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Corporate Report

Published on: May 1, 2022, 6:43 p.m.
Amazon of the used car market
  • Aggarwal: adding new dimensions

By Lancelot Joseph. Executive Editor, Business India

The socio-economic impact of the Covid-19 pandemic has played havoc with everyone’s life in some way or the other. It has altered the way we live our lives. Like many other things, one element that has changed is our mode of transport.

"A car is no longer seen as just an aspiration, but new dimensions are added to it – like it being a safe, hygienic mode to commute that one hopes to provide to one’s family and loved ones. For many this would have been just like any other unfulfilled dream, had there been no used-car market segment. Many people can cater to this change of need in their lives now, thanks to the used-car segment,” explains Sandeep Aggarwal, chairman & CEO at Droom Technology. This is the second unicorn Aggarwal has formed after ShopClues, which became a unicorn with an investment of $70 million. Lighthouse Venture has been the biggest investor in the company and nearly one-third of the company’s holdings are with Aggarwal and his employees

“In India, the used car market is largely catered to by the unorganised segment who run their set-up usually near a garage shop. Despite the known fear of limited transparency in used car transactions, there are a few who buy cars from these ‘mom-and-pop’ sellers. These buyers often encounter an element of nervousness and anxiety till the deal is closed; their mind continues to remain strewn with apprehension about the future performance of the car,” says Rajinder Singh, a garage owner.

Changing scenarios

This sorry state of used car buyers is expected to become history over the next few years, thanks to the artificial intelligence (AI)-based interface developed by a Gurugram headquartered technology company – Droom Technology. The company provides an ecommerce platform to buy a used vehicle, dispelling all the fears of a used car buyer by using ‘data’ power. It collects an enormous amount of data pertaining to the used vehicles it sells, using the same to confirm they are from verified users before being posted on the ecommerce platform.

Furthermore, it runs more than 1,100 points of inspection on the used vehicle, after a buyer pays the initial booking amount, to get the 360-degree health check of the vehicle finalised. Additionally, the company also offers a six-month warranty after the vehicle is purchased from its platform, providing further comfort and peace of mind to the buyer of the used vehicle and an impetus to go ahead with the purchase. This entire exercise makes the process of buying a used vehicle more transparent and saves a buyer the hassle attached to buying a used vehicle from the unorganised segment.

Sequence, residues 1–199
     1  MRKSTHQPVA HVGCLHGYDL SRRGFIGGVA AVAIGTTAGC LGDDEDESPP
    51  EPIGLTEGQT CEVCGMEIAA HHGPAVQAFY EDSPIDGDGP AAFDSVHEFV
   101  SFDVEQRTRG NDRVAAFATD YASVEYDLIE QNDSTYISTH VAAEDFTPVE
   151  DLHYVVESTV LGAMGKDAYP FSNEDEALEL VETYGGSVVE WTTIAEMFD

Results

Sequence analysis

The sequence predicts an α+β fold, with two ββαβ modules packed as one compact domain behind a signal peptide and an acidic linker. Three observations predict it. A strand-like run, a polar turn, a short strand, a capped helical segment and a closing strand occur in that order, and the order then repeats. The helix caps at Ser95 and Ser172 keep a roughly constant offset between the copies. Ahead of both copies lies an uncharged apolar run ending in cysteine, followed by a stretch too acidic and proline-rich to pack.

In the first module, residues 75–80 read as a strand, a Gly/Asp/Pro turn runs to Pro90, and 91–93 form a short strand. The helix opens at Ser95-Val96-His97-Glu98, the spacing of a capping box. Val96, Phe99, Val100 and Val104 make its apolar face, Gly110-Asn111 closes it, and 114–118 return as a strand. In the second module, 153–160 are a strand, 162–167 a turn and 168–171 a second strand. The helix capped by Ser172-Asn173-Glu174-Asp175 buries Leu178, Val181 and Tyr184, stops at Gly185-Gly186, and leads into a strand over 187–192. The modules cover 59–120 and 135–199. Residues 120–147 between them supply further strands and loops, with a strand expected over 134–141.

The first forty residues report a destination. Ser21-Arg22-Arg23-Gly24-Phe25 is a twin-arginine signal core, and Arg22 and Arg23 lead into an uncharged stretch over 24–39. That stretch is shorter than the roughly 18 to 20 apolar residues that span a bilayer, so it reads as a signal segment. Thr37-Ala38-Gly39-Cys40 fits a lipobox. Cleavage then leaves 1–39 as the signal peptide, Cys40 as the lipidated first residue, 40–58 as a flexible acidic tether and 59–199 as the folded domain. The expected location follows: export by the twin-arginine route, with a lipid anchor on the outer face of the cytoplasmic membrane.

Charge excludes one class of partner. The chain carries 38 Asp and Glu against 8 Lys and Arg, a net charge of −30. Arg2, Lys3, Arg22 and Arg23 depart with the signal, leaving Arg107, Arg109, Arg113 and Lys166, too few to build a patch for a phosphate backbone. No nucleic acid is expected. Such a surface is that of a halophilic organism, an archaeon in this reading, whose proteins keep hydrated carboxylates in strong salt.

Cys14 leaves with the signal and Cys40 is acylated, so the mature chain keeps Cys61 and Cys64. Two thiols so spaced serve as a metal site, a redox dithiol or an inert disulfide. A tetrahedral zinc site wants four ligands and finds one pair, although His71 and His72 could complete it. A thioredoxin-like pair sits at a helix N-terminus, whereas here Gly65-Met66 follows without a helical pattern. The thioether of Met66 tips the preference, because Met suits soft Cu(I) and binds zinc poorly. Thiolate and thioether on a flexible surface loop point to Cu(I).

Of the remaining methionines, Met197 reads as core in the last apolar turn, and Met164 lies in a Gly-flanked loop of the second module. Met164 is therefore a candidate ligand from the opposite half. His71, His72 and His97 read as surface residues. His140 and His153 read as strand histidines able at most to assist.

The business model of Droom Technology is similar to Amazon’s, where the products are sold by a reseller but are fulfilled by Amazon. Similarly, in the case of Droom, the company maintains strict checks and balances regarding product quality, but inventory is not held by it and vehicles are sold from its cloud retailer. However, the final sale is done by Droom (in other words orders are fulfilled by the company like on amazon.com).

Aggarwal, says: “Just ten years ago, people were cagey even about buying clothes and shoes online, with a view that without ‘touch and feel’ these products cannot be bought. Companies since then have spent a lot on the market by adopting a blue ocean marketing strategy, and in the last decade we have witnessed this concept of ‘touch and feel’ gradually diminishing; no wonder the online sales of clothing and shoes are now more than 10 per cent of total industry sales. Used car sales driven by data and assurance from sellers too are likely to bring an inflection point in used car penetration and in the next 5-7 years, online used cars could reach north of 10 per cent.”

In order to maintain quality and consumer product satisfaction, Droom has crafted a stringent process for adding mom-and-pop outlets to its list of cloud retailers. The company has around 21,000 cloud retailers across 1,151 cities; after vetting more than three lakh mom-and-pop resellers, every car listed on the Droom platform must undergo quality testing even before it’s placed on its selling platform. Based on patent Orange Book or OBV technology, Droom suggests a fair market value for any used vehicle and it recommends its reseller keeps the OBV price in order to get a fast response.

 Core strength

The main skill set of Droom Technology, its core strength, emerges after a vehicle is put out on the platform and a prospective buyer selects it based on his requirements. The prospective buyer needs to pay 3 per cent of the asking price on the platform; Droom then sends its mechanic with its proprietary devices to fetch all the data about the vehicle, which is parked at a mom-&-pop seller’s space. Through this device, Droom collects a host of readings from the vehicle concerned such as engine sound, taking a picture of the tyre tread, wear & tear on the gas pedal and photographs of the vehicle’s bumpers, fenders, etc.